The Mississippi, meanwhile, has used the case, known as the Dobbs v. Jackson Women’s Health Organization, as a means of asking judges to overthrow Roe and Casey. Scott Stewart, Mississippi’s attorney general, said those decisions “haunt our country” and have “poisoned the law.”

Kavanaugh listed several of the Supreme Court’s major rulings, including Brown v. Board of Education, which found unconstitutional racial segregation in schools, and Obergefell v. Hodges, which legalized same-sex marriage, to demonstrate that the court has set a precedent when asked about doing in the Mississippi controversy.

“If we think the previous precedents are seriously wrong, if that’s why the story of this court’s case law in these cases then does not tell us that the correct answer is in fact a return to the position of neutrality and not sticking to these precedents on the same way all the other cases did not? ” Kavanaugh said, noting that if the Supreme Court had set a precedent in these cases, “the country would be a very different place.”

While members of the Conservative wing of the bench signaled a willingness to allow states to restrict abortion rights, the three Liberal judges warned that such a shift – which took place after the Conservative majority’s majority grew to 6-3 – would have negative consequences for the public. perception of the court.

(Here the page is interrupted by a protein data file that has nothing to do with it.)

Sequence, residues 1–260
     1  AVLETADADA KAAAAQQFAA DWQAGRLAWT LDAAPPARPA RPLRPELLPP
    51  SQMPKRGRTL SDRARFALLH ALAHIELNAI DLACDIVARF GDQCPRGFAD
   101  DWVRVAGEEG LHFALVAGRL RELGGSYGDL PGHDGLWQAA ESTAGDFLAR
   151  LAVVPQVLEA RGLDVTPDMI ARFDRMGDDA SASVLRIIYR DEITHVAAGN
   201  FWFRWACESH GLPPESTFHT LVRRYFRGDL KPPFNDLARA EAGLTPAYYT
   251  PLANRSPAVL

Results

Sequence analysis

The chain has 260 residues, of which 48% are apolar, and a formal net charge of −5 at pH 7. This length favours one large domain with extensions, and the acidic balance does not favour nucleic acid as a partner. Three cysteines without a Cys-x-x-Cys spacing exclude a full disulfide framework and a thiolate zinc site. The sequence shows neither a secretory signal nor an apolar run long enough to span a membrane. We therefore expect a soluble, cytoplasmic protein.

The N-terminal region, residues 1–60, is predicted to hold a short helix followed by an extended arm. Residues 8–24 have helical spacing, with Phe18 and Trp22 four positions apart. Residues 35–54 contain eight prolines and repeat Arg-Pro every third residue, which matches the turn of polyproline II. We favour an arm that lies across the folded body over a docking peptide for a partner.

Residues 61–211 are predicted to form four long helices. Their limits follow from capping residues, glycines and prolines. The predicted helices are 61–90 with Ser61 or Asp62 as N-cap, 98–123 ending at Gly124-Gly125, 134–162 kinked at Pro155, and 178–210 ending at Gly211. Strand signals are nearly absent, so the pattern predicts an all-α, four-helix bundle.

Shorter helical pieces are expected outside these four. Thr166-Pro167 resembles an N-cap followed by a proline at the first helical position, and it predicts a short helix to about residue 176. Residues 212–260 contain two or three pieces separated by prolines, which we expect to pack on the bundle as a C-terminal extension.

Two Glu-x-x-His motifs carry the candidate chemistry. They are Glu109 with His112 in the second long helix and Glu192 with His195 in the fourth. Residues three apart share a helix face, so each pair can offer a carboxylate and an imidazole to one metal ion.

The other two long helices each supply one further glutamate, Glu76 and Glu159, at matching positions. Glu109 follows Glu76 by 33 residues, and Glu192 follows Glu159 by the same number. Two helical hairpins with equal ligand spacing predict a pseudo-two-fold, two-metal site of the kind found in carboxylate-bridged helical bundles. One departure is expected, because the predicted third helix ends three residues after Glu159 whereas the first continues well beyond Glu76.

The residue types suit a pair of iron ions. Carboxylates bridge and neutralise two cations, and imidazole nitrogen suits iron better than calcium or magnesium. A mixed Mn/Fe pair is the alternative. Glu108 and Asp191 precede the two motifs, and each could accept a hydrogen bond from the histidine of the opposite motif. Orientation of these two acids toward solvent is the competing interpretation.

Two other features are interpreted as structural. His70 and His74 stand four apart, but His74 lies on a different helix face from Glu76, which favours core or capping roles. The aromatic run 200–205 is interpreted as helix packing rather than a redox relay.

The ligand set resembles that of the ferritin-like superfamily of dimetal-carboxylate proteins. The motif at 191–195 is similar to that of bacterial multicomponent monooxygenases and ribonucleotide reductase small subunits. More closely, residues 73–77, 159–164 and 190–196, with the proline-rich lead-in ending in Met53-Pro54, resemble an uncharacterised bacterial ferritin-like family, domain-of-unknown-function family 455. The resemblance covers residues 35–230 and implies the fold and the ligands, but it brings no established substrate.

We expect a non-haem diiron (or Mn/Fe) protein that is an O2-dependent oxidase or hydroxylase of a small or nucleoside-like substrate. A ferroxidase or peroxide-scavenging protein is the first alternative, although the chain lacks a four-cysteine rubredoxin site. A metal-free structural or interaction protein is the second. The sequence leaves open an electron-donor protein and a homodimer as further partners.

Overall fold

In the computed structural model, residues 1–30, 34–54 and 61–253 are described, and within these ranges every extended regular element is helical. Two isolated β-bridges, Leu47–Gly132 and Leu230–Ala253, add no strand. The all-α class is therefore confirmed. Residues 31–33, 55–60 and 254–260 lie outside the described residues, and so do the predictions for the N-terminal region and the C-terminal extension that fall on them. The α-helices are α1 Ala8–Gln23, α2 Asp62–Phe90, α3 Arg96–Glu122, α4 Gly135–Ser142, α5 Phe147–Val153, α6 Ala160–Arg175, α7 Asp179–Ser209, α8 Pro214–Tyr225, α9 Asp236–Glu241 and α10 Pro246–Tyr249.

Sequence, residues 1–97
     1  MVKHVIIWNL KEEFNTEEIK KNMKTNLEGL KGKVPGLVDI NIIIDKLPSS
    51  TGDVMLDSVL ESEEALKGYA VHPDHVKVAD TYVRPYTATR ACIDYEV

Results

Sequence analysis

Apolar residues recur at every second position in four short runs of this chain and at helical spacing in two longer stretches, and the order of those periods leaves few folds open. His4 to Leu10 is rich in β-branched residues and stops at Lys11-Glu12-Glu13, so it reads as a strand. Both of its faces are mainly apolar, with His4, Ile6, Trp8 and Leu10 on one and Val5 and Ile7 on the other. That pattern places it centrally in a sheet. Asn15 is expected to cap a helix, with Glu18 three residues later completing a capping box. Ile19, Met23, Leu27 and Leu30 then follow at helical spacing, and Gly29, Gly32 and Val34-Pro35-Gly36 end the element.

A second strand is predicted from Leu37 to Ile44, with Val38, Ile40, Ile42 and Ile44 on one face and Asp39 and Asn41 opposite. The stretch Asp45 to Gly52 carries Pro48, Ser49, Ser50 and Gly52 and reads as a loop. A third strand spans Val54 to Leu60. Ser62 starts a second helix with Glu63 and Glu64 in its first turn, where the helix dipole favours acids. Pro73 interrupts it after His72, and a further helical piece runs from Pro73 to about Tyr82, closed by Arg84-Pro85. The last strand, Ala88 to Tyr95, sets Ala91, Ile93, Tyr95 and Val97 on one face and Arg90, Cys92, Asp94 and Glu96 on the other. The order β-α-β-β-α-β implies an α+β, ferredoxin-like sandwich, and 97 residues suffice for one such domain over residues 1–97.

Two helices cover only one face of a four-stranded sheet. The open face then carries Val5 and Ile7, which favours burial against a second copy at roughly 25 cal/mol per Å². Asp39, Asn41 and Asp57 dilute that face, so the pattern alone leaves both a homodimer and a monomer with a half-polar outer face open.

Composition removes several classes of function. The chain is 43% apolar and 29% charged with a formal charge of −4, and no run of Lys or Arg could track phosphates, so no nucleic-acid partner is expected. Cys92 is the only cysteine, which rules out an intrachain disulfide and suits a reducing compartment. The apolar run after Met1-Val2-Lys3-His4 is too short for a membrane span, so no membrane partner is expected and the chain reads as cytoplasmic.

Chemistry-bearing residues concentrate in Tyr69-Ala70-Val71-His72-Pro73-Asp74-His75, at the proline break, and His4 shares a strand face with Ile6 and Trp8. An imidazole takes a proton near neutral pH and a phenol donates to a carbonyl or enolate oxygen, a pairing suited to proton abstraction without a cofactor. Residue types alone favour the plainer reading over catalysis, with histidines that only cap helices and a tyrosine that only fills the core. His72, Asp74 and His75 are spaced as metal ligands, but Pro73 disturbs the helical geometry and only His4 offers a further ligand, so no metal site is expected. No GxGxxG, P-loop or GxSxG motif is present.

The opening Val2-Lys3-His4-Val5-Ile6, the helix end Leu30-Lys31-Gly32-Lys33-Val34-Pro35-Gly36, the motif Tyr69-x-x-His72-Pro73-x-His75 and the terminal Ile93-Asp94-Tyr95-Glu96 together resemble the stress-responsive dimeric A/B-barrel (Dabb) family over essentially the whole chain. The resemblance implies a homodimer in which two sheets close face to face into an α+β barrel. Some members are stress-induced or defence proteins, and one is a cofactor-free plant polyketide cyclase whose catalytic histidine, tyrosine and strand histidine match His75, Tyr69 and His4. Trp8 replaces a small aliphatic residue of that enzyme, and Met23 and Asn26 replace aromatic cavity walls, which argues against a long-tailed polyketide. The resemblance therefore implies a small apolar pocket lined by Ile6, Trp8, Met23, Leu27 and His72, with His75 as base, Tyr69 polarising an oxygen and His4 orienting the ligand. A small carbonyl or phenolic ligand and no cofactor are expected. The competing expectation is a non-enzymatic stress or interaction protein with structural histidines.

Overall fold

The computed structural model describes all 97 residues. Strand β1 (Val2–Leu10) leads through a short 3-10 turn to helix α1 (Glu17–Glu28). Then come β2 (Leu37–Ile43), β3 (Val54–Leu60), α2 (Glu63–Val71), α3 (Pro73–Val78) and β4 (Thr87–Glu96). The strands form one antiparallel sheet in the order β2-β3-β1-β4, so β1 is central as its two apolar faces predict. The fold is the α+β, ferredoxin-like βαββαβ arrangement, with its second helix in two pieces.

Judge Sonia Sotomayor noted that in the years since Roe and Casey, 15 judges have confirmed the viability line, while four – two of whom are currently in court – disagree with the standard.

“Will this institution survive the stench that this creates in the public perception that the Constitution and its reading are merely political actions?” she asked. “I do not see how that is possible.”

Advocates for abortion rights and anti-abortion protesters will demonstrate in front of the US Supreme Court in Washington, DC, on December 1, 2021.


Judge Elena Kagan reiterated Sotomayor’s concerns, saying one of the main objectives of complying with the precedent is to “prevent people from believing that this court is a political institution that will go back and forth depending on which part of the public shouts the loudest. and prevents people from thinking that the court will go back and forth depending on changes in the membership of the court. “

White House Press Secretary Jen Psaki told reporters that President Biden believes the Mississippi law “obviously violates” the constitutional right to abortion and is obligated to cooperate with Congress to enshrine that right in law.